Forgiving the Naked Lady Tattoo and the False Teeth Abandoned in a Tuna Sandwich

forgiveness quotation quoteMy childhood nemesis: Roberta Sherard.

She flaunted perfection, from the house next door to mine, twirling polished pirouettes, a blonde ponytail floating in slow motion behind her. I tried to keep up, spinning and stumbling, bedecked with scabbed knobby knees, red hair doomed to frizz, by a Tony home permanent gone awry. Roberta spoke softly, poise oozing out her pores, a finishing school graduate. I reeked of awkward, spewed hillbilly slang like Warshington, gonna, and I-dunno, and I carried the mantra, “Debbie, settle down.”

Roberta’s father wore a suit and tie, called her princess, bored my family with tales of her delight fulness. My dad yelled, wore Big Mac striped overalls, told me to pipe down.

“No man is gonna marry a girl with big feet,” he’d say, pointing a greasy truck driver finger at my bare feet.

I coveted Roberta’s family, but I loved mine.

The McFarland’s were not without charm. Summers we’d put on neighborhood shows, an amazing feat, performed completely without the benefit of talent. No musicians, singers, dancers or actors, just raw desire to be the center of attention, and the guts to charge for it… a silver quarter per show.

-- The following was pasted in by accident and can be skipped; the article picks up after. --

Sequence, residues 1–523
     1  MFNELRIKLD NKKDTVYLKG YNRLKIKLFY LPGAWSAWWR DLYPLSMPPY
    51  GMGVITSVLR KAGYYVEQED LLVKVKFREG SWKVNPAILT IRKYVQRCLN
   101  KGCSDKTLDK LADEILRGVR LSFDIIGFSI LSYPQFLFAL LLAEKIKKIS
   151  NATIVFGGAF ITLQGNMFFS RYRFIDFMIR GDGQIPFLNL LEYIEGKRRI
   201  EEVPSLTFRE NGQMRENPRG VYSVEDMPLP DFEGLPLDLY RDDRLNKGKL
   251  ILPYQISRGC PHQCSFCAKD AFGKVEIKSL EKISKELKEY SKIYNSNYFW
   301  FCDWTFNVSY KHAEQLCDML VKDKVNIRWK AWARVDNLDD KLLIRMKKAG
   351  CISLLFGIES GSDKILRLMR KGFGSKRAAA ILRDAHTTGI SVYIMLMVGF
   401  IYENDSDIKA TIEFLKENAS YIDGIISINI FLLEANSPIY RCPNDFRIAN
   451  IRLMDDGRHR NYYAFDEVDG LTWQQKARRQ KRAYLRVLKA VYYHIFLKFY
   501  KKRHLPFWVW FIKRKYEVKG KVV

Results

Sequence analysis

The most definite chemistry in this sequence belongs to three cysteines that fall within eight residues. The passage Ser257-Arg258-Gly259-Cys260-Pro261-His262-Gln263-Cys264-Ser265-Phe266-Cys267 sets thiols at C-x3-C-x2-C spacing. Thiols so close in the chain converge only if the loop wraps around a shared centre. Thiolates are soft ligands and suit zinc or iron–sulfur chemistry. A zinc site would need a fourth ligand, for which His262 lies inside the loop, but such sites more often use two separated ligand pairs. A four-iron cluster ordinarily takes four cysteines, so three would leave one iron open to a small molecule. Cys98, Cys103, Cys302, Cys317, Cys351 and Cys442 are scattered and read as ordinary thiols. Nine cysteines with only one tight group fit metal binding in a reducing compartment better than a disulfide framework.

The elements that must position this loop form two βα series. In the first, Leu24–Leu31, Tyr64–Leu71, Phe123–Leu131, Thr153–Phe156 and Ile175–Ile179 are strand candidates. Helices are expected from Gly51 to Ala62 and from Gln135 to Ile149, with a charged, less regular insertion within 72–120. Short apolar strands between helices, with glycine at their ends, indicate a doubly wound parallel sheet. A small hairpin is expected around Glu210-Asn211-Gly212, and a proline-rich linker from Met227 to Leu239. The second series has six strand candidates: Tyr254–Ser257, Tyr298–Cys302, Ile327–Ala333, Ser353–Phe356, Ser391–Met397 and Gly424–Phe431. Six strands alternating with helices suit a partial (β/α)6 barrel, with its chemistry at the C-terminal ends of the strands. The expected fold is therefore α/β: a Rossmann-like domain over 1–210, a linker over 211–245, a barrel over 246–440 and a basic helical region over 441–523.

Saturday’s we ’d canvas the block passing out hand written invitations, for Sunday afternoon’s back yard performance. A typical show, featured my lip sync to Ricky Nelson’s Traveling Man, sister Nancy’s loud version of Peter, Paul and Mary’s Kumbaya, accompanied by imaginary guitar strumming, and our star, little Danny, singing most all the words of Sukiyaki, a Japanese pop song from the 1960s. We served popcorn and lemonade for a nickel, and gave away taffy, because we didn’t like it very much.